From Lonely Libertarian blog:
I repost my response here:
Not that it matters anymore, because the media just makes shit up now, but those terms actually do have a specific meaning (or at least they used to).
Terrorism is a tactic, used by members of a group, to accomplish the goals of that group. The tactic and the goals are related. “killing people” is neither a goal nor a tactic. Example: Killing the family of a police chief to get the police chief to stop enforcing the law against a certain group. The tactic supports the goal.
Work place violence: A person who kills other people he knows AT WORK, because he hates them enough to want to kills them.
Sudden Jihadi Syndrome: Often mistaken for terrorism, but most often is just crazy guy being crazy. Islam is often indistinguishable from being crazy. Being a Moslem and being crazy is not enough to make one a terrorist.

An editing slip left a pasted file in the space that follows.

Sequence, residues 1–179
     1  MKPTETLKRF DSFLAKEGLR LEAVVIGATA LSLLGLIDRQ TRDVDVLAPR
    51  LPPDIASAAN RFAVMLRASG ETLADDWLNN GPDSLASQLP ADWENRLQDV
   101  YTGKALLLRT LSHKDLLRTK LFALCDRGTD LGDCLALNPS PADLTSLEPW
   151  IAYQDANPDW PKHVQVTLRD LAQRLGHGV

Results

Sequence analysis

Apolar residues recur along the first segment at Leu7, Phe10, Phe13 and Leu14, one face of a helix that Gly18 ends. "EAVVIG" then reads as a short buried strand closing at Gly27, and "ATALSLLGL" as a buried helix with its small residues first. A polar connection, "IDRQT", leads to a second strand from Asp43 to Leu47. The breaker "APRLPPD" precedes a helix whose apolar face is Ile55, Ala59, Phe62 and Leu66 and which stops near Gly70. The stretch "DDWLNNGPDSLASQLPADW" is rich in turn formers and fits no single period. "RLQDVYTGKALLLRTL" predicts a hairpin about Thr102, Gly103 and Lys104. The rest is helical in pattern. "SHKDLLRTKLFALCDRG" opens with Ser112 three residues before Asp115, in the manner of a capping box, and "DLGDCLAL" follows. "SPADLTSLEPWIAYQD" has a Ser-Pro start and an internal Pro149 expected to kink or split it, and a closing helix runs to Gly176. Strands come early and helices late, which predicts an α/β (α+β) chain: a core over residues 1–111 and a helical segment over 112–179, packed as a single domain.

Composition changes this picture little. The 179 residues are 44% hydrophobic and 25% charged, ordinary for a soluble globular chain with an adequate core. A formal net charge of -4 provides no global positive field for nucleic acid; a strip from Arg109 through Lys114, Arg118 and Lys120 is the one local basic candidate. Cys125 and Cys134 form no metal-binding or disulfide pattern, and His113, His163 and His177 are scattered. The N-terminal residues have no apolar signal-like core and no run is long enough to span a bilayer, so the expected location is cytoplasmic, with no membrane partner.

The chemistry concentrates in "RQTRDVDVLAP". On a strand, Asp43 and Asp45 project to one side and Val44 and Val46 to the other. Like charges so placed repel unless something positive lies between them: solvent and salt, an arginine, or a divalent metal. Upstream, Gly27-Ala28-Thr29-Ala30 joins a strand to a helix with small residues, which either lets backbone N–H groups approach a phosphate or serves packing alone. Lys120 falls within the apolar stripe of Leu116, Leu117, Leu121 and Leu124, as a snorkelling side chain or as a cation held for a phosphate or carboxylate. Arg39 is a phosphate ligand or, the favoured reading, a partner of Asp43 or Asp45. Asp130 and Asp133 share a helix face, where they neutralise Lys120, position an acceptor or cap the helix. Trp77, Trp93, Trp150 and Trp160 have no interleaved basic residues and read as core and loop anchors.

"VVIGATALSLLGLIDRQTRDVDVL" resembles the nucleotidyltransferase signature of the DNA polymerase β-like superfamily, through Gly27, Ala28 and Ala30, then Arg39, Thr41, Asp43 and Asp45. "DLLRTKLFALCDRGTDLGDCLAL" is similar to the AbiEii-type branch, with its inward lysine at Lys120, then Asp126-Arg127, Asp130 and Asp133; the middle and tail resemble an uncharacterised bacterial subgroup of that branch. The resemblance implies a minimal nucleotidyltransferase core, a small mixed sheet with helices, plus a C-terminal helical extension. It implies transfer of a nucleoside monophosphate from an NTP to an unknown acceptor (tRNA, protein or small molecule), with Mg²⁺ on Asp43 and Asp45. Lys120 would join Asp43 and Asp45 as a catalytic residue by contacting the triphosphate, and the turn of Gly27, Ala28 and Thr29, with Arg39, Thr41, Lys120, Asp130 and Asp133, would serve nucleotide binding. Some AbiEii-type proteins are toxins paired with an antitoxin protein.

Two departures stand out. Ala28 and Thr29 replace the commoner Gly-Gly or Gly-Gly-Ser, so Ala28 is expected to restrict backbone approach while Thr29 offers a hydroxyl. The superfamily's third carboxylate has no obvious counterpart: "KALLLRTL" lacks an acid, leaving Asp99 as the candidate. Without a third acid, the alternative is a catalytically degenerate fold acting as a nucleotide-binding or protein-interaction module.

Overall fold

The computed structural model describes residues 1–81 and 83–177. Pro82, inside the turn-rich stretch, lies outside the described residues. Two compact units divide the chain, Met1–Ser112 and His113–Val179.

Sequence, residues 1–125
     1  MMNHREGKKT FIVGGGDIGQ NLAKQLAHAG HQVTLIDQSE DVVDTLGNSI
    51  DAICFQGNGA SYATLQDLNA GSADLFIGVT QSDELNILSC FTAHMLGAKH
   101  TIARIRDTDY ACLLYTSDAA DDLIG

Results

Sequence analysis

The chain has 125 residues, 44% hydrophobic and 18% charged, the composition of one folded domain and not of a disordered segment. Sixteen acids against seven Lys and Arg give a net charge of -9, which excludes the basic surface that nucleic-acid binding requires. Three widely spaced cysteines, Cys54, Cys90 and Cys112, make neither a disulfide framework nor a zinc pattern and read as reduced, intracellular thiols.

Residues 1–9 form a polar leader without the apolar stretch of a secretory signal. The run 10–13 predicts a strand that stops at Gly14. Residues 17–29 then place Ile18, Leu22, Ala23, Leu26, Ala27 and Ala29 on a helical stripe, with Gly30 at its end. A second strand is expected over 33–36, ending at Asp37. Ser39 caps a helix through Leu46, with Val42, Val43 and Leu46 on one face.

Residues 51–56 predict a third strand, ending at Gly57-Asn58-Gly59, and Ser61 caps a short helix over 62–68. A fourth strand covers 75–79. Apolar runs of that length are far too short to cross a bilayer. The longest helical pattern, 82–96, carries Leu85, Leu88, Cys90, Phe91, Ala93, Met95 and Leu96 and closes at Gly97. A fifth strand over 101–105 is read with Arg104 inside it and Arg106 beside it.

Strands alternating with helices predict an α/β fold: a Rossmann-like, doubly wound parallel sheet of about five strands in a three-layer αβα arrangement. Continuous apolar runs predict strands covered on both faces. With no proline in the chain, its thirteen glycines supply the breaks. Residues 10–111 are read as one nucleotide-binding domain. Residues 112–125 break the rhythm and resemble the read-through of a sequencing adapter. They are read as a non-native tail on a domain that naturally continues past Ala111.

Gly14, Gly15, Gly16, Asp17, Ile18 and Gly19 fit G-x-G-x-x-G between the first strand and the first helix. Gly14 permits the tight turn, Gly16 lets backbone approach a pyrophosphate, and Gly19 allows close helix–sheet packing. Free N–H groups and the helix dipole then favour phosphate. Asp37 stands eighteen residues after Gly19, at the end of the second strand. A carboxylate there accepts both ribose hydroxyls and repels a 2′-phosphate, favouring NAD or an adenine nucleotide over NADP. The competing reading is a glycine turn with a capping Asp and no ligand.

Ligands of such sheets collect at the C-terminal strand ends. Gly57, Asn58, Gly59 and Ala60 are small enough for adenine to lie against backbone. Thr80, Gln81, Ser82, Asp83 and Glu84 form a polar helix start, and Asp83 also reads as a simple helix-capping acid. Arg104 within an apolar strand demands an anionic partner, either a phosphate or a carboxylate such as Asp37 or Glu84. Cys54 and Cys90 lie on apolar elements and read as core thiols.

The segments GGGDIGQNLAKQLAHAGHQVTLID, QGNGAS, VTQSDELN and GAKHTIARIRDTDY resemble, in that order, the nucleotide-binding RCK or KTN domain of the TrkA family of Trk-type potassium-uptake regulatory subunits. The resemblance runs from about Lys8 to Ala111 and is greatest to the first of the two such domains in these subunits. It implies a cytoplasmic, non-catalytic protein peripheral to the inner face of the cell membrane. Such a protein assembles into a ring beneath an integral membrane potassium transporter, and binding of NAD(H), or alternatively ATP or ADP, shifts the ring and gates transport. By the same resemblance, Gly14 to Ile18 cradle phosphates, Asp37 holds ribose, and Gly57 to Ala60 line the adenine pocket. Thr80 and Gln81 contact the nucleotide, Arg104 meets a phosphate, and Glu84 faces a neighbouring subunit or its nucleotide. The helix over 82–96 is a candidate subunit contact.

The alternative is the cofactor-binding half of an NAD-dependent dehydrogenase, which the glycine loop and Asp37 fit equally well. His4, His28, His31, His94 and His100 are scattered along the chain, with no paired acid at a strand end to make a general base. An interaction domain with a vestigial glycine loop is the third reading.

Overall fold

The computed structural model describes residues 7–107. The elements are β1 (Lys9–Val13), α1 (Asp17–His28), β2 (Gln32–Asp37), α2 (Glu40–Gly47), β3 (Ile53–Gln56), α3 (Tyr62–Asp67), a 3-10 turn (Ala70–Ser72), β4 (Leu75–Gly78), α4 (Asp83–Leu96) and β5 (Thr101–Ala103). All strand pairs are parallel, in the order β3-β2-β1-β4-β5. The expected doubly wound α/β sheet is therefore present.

Why it matters: The correct terms tell you how to deal with the situation. Terrorism demands you go after the terrorist organization. You have to defeat their goals to defeat them or kill all their leadership. Killing their troops is not enough. For SJS, the crazy guy usually does not survive. There is nothing you can do to prevent him from doing this and nothing you need to do to keep him from doing it again. He is a psychopath. Killing him once fixes it.
Timothy McViegh: Psychopath.
Nidal Hassan: Psychopath.
One eyed cleric: Terrorist.
Underpants bomber: Psychopath.
William Kreutzer: Psychopath.
Charles Manson: Psychopath.
9-11 attack squads: Terrorists.
Of course, a single person can be in more than one category. For example, a terrorist can also have a psychotic break and go SJS. I suspect this happens in the Islamic countries all the time and we never hear about it. It is also well documented that terrorist groups actively recruit young men who are on the fringes of society and train them to become terrorists (radicalization). This plays on their easily observable needs to fit in within a society that already excludes them.